First Lady Laura Bush revealed recently that, while she believes that abstinence education is an important component of HIV prevention efforts, she would be supportive of waiving the earmark mandating that 33 percent of US prevention funds be spent of abstinence-only programs. In an interview with CNN’s Suzanne Malveaux during a trip through several African countries, Laura Bush commented that condoms are “absolutely necessary” and that she was “perfectly fine” with the proposed idea — now passed in the House and introduced in the Senate — that the abstinence only provision be waived from the President’s Emergency Plan for AIDS Relief (PEPFAR).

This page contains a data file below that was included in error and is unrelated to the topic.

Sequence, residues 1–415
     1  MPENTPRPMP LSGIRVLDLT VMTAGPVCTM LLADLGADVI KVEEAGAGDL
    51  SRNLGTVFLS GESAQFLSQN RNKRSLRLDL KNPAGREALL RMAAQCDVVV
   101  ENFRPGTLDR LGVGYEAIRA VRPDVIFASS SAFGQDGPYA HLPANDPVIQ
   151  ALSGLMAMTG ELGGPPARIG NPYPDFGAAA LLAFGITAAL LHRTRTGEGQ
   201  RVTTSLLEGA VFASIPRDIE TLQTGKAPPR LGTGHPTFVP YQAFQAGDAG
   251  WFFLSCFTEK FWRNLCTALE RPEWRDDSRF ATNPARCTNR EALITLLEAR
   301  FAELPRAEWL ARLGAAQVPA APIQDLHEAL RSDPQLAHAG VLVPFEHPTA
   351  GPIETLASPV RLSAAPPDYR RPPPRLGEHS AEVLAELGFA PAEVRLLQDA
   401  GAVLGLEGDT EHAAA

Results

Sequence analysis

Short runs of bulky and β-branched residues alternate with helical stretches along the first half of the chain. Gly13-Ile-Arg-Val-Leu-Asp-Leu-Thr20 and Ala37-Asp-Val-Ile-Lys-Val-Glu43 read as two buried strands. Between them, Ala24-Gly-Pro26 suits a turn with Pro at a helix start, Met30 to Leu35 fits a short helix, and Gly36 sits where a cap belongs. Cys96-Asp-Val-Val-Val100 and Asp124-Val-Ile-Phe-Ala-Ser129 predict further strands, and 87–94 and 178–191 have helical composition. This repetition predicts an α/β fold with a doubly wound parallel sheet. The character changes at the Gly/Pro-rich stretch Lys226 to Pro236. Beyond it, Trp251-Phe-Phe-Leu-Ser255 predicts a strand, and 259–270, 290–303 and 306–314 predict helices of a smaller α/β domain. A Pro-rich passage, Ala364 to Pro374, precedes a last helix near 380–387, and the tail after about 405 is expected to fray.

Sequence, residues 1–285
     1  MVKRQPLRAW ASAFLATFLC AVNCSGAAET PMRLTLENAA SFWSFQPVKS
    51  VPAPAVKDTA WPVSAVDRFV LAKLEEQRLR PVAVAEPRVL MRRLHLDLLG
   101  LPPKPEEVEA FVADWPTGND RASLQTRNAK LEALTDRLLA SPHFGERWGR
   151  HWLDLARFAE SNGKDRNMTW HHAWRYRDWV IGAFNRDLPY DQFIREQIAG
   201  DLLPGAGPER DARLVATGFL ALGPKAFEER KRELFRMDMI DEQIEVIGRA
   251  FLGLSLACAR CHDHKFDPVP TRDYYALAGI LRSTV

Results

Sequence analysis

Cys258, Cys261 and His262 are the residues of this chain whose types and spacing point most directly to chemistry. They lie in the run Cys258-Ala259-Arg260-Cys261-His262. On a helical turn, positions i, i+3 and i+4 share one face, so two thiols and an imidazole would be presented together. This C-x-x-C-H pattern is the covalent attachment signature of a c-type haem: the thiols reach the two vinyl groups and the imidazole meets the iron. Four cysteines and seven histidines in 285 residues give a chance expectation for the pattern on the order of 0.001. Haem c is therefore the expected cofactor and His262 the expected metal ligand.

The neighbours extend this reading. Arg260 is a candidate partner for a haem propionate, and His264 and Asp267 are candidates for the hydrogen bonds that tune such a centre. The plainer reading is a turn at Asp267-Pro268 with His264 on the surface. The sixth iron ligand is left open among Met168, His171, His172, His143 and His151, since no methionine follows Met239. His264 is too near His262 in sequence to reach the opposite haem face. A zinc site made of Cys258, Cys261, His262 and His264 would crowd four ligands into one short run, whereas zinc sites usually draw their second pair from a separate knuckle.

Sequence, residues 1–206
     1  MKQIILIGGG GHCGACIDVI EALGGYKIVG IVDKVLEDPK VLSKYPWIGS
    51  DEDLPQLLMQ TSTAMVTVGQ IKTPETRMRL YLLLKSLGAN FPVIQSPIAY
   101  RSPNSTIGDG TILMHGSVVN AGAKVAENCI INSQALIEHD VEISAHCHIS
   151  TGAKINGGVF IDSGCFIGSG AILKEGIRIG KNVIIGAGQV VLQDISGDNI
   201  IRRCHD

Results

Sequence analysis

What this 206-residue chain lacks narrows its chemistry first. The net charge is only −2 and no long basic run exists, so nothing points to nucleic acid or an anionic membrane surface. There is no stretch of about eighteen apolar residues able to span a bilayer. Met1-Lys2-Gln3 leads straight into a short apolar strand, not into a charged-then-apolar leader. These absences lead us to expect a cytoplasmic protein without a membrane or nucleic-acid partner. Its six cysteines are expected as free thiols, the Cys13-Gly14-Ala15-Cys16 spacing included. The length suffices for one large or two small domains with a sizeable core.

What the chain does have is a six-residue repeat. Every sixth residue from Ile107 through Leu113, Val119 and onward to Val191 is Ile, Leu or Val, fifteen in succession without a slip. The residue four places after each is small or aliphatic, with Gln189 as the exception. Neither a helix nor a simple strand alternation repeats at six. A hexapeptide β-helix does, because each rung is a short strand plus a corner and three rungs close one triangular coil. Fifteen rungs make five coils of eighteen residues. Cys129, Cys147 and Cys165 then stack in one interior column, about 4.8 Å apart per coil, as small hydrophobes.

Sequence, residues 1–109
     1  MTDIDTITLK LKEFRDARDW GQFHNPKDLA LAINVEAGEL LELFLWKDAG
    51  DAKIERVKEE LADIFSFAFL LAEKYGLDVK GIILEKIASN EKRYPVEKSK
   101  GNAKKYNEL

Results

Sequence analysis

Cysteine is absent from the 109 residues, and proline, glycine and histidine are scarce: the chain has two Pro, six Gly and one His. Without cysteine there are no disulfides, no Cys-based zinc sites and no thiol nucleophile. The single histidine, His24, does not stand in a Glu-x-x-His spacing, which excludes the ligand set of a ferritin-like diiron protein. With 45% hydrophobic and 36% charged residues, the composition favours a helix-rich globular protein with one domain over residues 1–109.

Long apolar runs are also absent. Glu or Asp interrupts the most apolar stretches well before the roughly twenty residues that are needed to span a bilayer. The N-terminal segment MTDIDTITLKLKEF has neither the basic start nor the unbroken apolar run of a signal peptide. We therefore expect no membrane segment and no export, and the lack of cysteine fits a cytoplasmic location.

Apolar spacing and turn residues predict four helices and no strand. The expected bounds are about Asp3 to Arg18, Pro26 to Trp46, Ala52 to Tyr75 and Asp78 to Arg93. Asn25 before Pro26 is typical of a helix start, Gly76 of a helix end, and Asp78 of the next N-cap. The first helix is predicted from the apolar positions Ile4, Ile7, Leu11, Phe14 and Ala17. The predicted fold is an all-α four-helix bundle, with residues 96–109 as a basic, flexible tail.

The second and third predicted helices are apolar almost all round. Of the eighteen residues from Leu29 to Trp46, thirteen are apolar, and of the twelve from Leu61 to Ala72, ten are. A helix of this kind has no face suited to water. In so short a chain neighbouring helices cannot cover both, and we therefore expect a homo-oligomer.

Passed in 2003, PEPFAR required that one-third of the global prevention program’s funding go to the promotion of abstinence only education. In 2006, the Government Accountability Office (GAO) reported that the abstinence programs were actually “undermining the global efforts to prevent 7 million new HIV infections by 2008,” the Center for Health and Gender Equity reports.
Last month, the House passed legislation introduced by Rep. Nita Lowey (D-NY) that would permit a president to waive the abstinence-only provision. In the Senate, Sen. Dianne Feinstein (D-CA) recently introduced the HIV Prevention Act, which would eliminate the HIV/AIDS abstinence-until-marriage funding earmarks. President Bush has threatened to veto the bills, following his promise to reject any legislation that weakens current policies or laws surrounding abortion.